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Gary Engberg - River Currents - Fishing in the Fall
Now, and during the next month or so the lakes in Wisconsin go through a major change that drastically affects most fishing.
The change that I'm talking about is one of the least understood concepts in all of fishing. This fall change is a ritual that
happens in both the spring and fall of the year in most state waters in Wisconsin and the Upper Midwest. It is of utmost importance
for any angler that wants to have success catching fish during the last month and weeks of the open water season to understand the
concept of turnover. Understanding what turnover is and how it alters and changes one's fishing plans is the key to catching many of
the biggest fish of any species before the onset of the "hard water" of winter and the ice fishing season.
The first thing that one needs to understand is that water temperature has a lot to do with turnover and as I write many lakes in northern
and central Wisconsin are getting closer to the magical time of turnover which is when water temperatures approaches the lower 50's. Water
is most dense and heaviest at 39 degrees F., and as the temperature increases or decreases from 39 degrees, it becomes less dense and lighter.
In both the summer and winter, most lakes are maintained by a climate in what we call a stratified condition. The less dense water is at the
surface of lakes and the more dense water is at or near the bottom. Turnover usually begins when water temperature is in the mid to low 50's F.
During the fall, air temperatures cool the surface water causing its density to increase. The heavier and denser water sinks, allowing and forcing
the lighter and less dense water to the lakes surface. This process continues until the water temperature at all depths reaches approximately 39 degrees F.
Now, there is very little if any difference in density at this stage, allowing the waters to be easily mixed by the blowing wind. This sinking action
and mixing of the water by the wind results in the exchange of surface and bottom waters resulting in what is called "turnover."
Signs that a lake is experiencing turnover are; clear water lakes becoming "muddy" or cloudy and there often is an odor from the water which comes
from the decaying vegetation from the lake's bottom that is now coming to the top of the water column in some lakes.
During the spring, this process reverses itself. This time, the ice melts and the surface waters warm and sink until the water temperature at all
depths reaches approximately 39 degrees F. The sinking combined with the wind's mixing causes spring "turnover." This is a general definition of
turnover, but there are other factors which affect this action including lake depth and climate. Some lakes don't experience turnover because they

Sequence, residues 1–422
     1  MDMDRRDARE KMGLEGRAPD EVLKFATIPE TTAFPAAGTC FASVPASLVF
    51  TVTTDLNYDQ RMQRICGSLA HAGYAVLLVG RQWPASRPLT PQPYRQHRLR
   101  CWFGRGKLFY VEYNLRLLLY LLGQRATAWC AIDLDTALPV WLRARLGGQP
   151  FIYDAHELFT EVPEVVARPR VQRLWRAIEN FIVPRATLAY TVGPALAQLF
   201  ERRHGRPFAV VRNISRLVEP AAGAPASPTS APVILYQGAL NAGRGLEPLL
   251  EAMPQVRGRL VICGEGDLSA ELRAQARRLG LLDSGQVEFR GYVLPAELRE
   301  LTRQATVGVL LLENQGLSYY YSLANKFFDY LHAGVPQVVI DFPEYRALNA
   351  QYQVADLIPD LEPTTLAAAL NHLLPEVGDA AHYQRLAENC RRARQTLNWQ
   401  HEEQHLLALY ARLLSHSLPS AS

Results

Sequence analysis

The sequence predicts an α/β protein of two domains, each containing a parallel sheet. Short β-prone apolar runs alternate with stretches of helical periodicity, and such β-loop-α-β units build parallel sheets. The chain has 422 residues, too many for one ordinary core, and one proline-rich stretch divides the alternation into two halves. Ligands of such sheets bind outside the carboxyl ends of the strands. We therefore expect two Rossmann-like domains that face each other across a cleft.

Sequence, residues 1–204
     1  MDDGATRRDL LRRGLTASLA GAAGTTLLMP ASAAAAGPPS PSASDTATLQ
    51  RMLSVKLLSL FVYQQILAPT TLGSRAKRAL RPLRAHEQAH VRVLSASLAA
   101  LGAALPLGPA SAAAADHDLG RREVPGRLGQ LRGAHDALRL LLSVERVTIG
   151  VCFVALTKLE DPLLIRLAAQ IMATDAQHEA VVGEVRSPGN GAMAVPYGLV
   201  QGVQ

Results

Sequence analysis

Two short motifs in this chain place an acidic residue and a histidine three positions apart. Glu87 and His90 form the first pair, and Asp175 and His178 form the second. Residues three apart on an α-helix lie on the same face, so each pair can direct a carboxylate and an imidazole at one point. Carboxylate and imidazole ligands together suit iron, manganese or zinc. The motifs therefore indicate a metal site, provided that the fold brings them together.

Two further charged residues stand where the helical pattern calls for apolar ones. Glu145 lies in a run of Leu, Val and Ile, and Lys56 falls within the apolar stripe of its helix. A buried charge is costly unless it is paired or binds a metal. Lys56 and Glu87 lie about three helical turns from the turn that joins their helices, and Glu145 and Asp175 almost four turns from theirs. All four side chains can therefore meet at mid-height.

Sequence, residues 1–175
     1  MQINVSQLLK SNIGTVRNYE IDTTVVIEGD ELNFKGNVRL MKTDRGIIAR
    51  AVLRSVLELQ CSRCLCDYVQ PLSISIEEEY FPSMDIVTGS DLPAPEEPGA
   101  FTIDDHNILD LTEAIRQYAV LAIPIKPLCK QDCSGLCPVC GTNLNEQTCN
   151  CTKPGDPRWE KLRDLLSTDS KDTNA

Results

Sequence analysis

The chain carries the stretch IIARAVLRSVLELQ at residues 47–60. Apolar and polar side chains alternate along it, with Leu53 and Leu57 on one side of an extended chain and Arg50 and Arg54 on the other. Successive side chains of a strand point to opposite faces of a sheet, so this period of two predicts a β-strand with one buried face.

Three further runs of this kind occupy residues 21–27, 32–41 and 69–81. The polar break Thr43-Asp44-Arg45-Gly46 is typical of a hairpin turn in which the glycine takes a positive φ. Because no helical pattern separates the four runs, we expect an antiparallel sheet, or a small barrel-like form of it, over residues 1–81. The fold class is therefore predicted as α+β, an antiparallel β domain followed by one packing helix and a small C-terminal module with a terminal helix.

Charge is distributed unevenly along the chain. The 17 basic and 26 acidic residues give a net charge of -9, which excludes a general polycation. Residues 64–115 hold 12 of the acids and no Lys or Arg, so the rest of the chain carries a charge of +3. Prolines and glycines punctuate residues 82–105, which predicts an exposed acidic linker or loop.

are shallow like Lake Winnebago or they have moving water which doesn't stratify like a river or flowage (Lake Wisconsin).
The effect that this has on fishing is very noticeable. A lake in the process of turning has a consistent oxygen level throughout the lake and
that allows the fish to scatter throughout the lake's waters because it's comfortable at all depths to fish. This can make fishing difficult
because it's harder to find fish, no matter what species you're chasing. But, the fishes feeding pattern remains the same, so, if you find
the right structure or forage fish, then you'll find the fish that you're looking for. Fish are still active, but they are scattered throughout
the lakes and what you have to do is find where these fish are holding. I would try trolling crankbaits or crawler harnesses because you'll be
covering a lot more water which should help you find the fish that you're chasing. Use your Lowrance electronics combined with a trolling
tactic to find the fish that you're after in the fall. Once you find the fish, then you can alter your tactics as you zero in and target the active fish.
Another and final thing to remember and take into account is that all lakes do not turnover at the same time. Try to find lakes that have experienced
turnover a week or two earlier or have yet to turn for the best angling no matter what species of fish. Post-turnover is a great time for using larger
baits and suckers if muskie fishing, since big fish will go on a feeding frenzy before winter's freeze-up.
If you're fishing for muskies always have a lively sucker near the boat for follow-ups (do your figure-eights) and be sure to use a quick-set rig (Bait Rigs)
so that the fish can be safely released to be caught again. This time of the year when you're after big fish be sure to have a large, quality net that will
allow you to keep your muskie in the water as it is unhooked and the tools to safely release the fish including; a good set of pliers, hook-outs, a bolt-cutter
for treble hooks, and a fishing glove for difficult releases. Make sure that your hands are wet when touching the fish and if possible keep the muskie in
the water. If you are taking a photo, make it quick, use your hand to support the fish, and don't touch the fish's eyes.
A good suggestion on where to go is to fish the waters of northern Wisconsin where you have counties like Vilas, Oneida, and Sawyer where you can go this
fall and fish more than one lake in the same day with a good chance at landing a hungry fall muskie. Anglers can go to the Boulder Junction area of Vilas
County and find hundreds of lakes in a relatively small area where many of the lakes turnover at different times. This will allow you to fish many lakes
which have "turned" or haven't flipped yet. Good luck and handle those muskies gently!
For more fishing articles visit www.garyengbergoutdoors.com
Gary Engberg Outdoors
P.O. Box 92
Sauk City, WI 53583
Host of Outdoor Horizons on 1670-WTDY, Saturday's 8:00am-8:30am